Tue, 5 December 2023
Most of us recognize the presence of ritual, whether in a religious observance, an athlete’s weird pre-competition tics, or even the cadence of our own morning ablutions. In general, most of these rituals are seen as harmless and probably a little unnecessary (or even silly). But according to cognitive anthropologist Dimitris Xygalatas, ritual often serves a positive purpose for individuals – synchronizing them with their communities or relieving their stress.
In this Social Science Bites podcast, Xygalatas defines for host David Edmonds what his research considers ritual, citing two important characteristics of ritual: causal opacity (such as rain dances not actually creating precipitation) and that the ritual matters, often greatly, to the participants. What isn’t ritual, he notes, is habit – although habits can veer into ritual/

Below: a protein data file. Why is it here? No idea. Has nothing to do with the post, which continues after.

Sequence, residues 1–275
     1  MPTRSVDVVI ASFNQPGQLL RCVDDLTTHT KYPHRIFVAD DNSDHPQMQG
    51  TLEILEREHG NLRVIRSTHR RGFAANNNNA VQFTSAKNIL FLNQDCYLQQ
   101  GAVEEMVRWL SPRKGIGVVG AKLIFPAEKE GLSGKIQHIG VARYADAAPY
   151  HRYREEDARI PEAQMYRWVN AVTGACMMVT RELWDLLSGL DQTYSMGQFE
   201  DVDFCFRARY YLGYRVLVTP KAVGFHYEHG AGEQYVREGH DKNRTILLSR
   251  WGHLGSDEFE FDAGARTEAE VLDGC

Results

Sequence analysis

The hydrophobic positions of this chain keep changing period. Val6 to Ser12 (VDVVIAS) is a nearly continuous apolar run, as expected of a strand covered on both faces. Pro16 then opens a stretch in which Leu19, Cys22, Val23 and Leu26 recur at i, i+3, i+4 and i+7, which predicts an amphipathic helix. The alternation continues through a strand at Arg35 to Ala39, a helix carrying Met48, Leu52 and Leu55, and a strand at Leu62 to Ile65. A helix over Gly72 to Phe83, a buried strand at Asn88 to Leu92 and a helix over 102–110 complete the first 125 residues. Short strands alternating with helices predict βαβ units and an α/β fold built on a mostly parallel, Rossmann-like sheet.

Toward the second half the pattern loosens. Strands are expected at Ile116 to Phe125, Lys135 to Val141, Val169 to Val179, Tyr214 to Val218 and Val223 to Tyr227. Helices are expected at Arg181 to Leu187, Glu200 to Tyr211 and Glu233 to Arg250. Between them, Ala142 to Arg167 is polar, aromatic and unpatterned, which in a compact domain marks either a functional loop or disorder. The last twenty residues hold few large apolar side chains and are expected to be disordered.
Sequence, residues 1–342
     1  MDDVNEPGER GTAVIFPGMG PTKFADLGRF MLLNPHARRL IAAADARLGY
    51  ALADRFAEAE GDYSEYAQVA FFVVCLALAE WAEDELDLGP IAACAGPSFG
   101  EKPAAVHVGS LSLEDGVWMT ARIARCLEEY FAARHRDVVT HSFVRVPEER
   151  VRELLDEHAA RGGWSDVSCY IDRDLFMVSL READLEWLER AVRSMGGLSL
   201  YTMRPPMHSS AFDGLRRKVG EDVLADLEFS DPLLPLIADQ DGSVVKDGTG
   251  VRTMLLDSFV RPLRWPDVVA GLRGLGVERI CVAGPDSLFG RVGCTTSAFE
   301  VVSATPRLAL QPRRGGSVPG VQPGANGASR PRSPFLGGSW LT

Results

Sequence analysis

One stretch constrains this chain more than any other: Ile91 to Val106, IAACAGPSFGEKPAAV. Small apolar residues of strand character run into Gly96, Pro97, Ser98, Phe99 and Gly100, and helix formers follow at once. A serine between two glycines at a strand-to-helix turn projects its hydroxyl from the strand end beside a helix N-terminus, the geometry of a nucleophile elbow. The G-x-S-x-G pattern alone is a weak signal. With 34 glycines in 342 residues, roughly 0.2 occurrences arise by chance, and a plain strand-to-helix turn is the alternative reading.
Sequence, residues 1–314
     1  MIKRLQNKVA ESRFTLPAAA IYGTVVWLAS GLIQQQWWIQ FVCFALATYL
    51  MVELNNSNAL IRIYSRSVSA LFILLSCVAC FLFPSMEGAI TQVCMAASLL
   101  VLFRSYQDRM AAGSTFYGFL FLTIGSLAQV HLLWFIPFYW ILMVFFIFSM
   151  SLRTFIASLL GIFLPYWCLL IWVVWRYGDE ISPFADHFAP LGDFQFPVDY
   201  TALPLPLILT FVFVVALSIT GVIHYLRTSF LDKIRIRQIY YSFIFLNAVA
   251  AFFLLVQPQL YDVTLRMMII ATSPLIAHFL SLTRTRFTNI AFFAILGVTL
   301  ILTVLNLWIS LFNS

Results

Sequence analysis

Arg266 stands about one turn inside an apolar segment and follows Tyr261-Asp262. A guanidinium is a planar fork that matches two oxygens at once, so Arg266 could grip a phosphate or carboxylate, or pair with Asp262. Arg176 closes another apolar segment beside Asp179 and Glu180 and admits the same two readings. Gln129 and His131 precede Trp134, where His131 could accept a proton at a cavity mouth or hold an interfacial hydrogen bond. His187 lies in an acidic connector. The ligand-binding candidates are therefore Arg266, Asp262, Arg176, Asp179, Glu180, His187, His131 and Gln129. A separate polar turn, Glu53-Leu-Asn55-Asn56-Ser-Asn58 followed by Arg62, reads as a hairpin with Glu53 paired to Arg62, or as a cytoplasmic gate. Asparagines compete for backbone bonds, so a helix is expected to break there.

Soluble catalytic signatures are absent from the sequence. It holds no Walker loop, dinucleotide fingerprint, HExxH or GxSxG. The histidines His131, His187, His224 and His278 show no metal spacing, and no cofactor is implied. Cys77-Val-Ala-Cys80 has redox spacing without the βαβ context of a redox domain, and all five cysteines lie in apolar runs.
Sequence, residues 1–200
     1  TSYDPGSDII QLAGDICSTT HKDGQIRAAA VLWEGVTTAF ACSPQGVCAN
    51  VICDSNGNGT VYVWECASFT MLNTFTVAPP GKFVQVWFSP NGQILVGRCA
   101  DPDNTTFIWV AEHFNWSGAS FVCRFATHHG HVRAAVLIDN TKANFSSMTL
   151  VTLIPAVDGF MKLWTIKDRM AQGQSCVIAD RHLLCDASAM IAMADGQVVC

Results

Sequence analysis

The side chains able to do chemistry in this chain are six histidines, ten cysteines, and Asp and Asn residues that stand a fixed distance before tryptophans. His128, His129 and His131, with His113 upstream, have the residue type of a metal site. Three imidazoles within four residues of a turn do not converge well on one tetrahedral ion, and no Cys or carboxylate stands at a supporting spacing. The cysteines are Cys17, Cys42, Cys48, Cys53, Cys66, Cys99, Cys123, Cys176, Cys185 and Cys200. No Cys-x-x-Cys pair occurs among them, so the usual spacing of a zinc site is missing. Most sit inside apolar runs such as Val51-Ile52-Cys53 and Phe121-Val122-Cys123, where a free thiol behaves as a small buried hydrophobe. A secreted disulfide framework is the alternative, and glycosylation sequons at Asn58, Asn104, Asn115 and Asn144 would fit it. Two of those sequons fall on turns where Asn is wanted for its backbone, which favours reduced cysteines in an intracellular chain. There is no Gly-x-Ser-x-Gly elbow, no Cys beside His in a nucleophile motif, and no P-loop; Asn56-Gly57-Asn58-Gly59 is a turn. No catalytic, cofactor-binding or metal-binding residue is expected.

“Utilitarian actions can become ritualized,” Xygalatas says, “and to that extent, they can be considered as rituals. So .. because I am a very avid consumer of coffee, when I get up in the morning, I always have to make a cup of coffee – [and] it always has to be in the same cup.”
Xygalatas then describes fieldwork he’s done on “high-intensity” rituals, ranging from firewalking in Spain or an “excruciating” annual religious procession in Mauritius. These efforts – part ethnography and part lab experiment – have given him unique insight into the results of jointly experienced ritual, much of which he detailed in his recent book, Ritual: How Seemingly Senseless Acts Make Life Worth Living. (In a blurb, Jane Goodall wrote the book shows “how and why our most irrational behaviors are a key driver of our success.”)
An associate professor in anthropology and psychological sciences at the University of Connecticut – where he heads the Experimental Anthropology Lab – Xygalatas also discusses the transdisciplinary scope of his work. This reflects his own roots in both anthropology and religious studies (he is a past president of the International Association for the Cognitive and Evolutionary Sciences of Religion).